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Lancet. 2004 May 15;363(9421):1598-605.

Efficacy of rectal artesunate compared with parenteral quinine in initial treatment of moderately severe malaria in African children and adults: a randomised study.

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Division of Pharmacology, University of Cape Town, South Africa.



Many patients with malaria of increasing severity cannot take medicines orally, and delay in injectable treatment can be fatal. We aimed to assess the reliability of absorption, antimalarial efficacy, and tolerability of a single rectal dose of artesunate in the initial management of moderately severe falciparum malaria.


109 children and 35 adults were randomly assigned to rectal artesunate (single dose of about 10 mg/kg) or parenteral quinine treatment (10 mg/kg at 0, 4, and 12 h). The primary endpoint was the proportion of patients with peripheral asexual parasitaemia of less than 60% of that at baseline after 12 h. Secondary endpoints were clinical response and concentrations of drug in plasma. Analysis was by intention-to-treat.


All artesunate-treated patients had pharmacodynamic or pharmacokinetic evidence of adequate drug absorption. 80 (92%) of 87 artesunate-treated children had a 12 h parasite density lower than 60% of baseline, compared with three of 22 (14%) receiving quinine (relative risk 0.09 [95% CI 0.04-0.19]; p<0.0001). In adults, parasitaemia at 12 h was lower than 60% of baseline in 26 (96%) of 27 receiving artesunate, compared with three (38%) of eight receiving quinine (relative risk 0.06 [0.01-0.44]; p=0.0009). These differences were greater at 24 h. Clinical response was equivalent with rectal artesunate and parenteral quinine.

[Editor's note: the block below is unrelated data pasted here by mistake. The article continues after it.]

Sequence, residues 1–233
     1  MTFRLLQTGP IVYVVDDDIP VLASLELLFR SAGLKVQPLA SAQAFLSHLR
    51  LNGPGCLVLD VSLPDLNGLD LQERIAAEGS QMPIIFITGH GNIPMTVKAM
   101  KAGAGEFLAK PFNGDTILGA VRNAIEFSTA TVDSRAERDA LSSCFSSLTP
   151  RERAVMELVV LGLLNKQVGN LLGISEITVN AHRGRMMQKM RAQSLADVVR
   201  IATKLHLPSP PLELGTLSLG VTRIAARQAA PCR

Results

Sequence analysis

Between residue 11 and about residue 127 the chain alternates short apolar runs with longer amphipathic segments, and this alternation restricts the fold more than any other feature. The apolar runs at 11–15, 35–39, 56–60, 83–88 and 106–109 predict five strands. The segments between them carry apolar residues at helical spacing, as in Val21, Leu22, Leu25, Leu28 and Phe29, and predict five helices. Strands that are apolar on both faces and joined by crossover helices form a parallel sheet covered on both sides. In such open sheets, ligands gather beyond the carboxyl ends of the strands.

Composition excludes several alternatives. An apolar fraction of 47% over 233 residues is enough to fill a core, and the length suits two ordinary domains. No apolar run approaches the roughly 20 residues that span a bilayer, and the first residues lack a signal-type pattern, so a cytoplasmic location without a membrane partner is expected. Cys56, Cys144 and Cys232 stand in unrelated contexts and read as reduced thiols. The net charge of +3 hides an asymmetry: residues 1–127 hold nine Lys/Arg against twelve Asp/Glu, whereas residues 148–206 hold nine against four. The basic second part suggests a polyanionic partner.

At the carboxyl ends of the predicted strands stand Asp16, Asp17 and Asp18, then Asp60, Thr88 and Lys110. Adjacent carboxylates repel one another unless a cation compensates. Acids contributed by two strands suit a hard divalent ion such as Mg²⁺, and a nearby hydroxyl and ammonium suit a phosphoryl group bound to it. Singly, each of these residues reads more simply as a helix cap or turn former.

A single rectal dose of artesunate is associated with rapid reduction in parasite density in adults and children with moderately severe malaria, within the initial 24 h of treatment. This option is useful for initiation of treatment in patients unable to take oral medication, particularly where parenteral treatment is unavailable.

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